However, when the retrospective analysis is extended to 16 weeks (112 days), the transfusion burden in these 5 patients may differ meaningfully, as illustrated in Figure 2. Assessing the 16-week period across these 5 exemplary patients, only patients 1 and 5 fulfill IWG 2006 criteria of an average number of at least 2 U of RBCs within 28 days (or 8 U within 16 weeks). We thus consider having a history of RBC transfusions during the 16 weeks (which could be also part of the screening period) preceding onset of treatment in a clinical trial mandatory. This recommendation can, of course, only apply to lower-risk MDSs, when anemia is the predominant or only cytopenia. Indeed, significantly delaying treatment of higher-risk MDSs or in patients with severe thrombocytopenia would not be acceptable.

Figure 2.

Transfusion history of 5 hypothetical MDS patients within 16 weeks. Transfusion history of the same 5 hypothetical MDS patients (Figure 1) but with an extended period of 16 weeks (112 days) prior to the start of a putative therapy. The total number of RBC U within 8 weeks is <4 in patients 2, 3, and 4, respectively.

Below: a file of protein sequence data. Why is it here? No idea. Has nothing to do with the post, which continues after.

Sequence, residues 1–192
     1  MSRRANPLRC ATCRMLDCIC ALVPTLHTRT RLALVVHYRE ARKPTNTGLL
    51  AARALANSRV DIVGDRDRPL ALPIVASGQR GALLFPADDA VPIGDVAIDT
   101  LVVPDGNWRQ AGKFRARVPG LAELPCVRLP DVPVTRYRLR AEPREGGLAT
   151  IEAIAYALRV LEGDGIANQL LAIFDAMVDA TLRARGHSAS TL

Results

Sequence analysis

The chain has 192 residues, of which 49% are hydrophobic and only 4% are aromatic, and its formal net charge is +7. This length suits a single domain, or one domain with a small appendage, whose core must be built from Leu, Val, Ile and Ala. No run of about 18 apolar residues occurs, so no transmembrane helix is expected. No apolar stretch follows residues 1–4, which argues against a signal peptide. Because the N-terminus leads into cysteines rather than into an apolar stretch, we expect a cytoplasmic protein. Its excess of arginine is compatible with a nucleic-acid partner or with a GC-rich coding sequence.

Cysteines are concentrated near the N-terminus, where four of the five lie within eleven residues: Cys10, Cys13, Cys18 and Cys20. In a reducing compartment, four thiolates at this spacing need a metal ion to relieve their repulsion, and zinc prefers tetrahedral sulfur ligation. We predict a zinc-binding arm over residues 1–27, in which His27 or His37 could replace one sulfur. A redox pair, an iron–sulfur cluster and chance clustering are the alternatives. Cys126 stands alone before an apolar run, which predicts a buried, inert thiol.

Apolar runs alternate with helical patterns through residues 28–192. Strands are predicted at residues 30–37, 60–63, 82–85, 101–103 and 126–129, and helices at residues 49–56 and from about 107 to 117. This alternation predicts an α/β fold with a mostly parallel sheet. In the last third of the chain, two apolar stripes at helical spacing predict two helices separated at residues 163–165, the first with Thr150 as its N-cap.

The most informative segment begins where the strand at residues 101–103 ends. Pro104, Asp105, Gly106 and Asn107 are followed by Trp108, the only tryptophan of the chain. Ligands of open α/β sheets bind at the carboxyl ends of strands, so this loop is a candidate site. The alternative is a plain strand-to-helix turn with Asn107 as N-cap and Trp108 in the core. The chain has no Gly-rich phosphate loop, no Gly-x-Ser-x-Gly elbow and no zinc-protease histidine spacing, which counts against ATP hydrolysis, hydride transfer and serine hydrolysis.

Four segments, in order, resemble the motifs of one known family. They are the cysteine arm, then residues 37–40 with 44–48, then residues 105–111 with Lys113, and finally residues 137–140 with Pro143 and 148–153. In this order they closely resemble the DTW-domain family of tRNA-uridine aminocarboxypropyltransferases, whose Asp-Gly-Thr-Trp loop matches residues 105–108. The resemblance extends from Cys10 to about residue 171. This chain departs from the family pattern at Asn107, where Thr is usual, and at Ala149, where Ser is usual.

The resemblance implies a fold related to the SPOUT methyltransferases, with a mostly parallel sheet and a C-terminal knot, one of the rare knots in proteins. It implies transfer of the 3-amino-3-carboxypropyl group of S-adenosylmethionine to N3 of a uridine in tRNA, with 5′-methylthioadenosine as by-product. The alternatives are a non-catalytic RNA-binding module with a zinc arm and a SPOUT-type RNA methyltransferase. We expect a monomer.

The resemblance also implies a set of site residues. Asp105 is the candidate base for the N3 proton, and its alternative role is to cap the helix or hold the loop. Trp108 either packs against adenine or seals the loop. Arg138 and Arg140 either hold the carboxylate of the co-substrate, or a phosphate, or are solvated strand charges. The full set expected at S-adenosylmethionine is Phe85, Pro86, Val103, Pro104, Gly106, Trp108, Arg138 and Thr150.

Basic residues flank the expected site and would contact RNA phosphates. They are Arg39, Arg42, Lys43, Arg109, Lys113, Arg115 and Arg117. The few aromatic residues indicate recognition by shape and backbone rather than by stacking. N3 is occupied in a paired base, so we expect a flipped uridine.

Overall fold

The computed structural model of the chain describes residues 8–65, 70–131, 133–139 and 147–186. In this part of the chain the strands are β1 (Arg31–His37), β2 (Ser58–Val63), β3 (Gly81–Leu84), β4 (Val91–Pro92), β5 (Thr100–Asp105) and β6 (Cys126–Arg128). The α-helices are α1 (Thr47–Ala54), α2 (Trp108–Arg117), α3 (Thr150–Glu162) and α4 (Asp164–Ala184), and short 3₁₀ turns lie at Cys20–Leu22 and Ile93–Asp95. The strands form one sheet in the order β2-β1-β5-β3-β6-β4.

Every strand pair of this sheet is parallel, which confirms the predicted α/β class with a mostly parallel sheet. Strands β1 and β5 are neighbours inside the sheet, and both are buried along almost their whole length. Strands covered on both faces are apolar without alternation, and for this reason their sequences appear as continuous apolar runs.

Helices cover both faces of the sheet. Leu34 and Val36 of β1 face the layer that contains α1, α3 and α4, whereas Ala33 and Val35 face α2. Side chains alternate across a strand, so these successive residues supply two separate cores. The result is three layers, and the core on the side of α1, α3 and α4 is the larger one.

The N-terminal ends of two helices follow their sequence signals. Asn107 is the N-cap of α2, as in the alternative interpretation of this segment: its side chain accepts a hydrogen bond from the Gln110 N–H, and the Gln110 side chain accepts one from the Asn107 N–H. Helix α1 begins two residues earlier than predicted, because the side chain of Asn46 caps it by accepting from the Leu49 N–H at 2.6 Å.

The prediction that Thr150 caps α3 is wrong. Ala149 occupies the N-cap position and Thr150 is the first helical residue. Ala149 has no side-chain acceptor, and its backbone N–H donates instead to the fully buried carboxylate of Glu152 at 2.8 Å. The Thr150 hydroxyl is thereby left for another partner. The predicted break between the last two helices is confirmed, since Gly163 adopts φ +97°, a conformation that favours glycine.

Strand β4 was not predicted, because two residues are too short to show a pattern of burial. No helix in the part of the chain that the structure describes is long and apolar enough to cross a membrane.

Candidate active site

As in IWG 2006 criteria, only RBC transfusions administered for a mean Hb level below 9 g/dL are to be considered (see also comment in Table 2), which takes into account that a certain variation (see “1.2.3 Transfusion policy”) can occur. Transfusions for intercurrent diseases (bleeding, surgical procedure, etc) should not be considered.

Panel recommendation

A screening period of 16 weeks before the anticipated treatment start is mandatory and should be added as a prerequisite for subsequent IWG response determination in patients with lower-risk MDSs where anemia is the predominant or only cytopenia. Patients should be off of any active treatment during this period.

Note: Patients with unusual or abnormal changes of their transfusion rate during the 16-week screening period should be evaluated carefully for confounding factors (ie, bleeding, hemolysis, erythropoietin [EPO] levels, iron metabolism), including a potential extension of the evaluation period.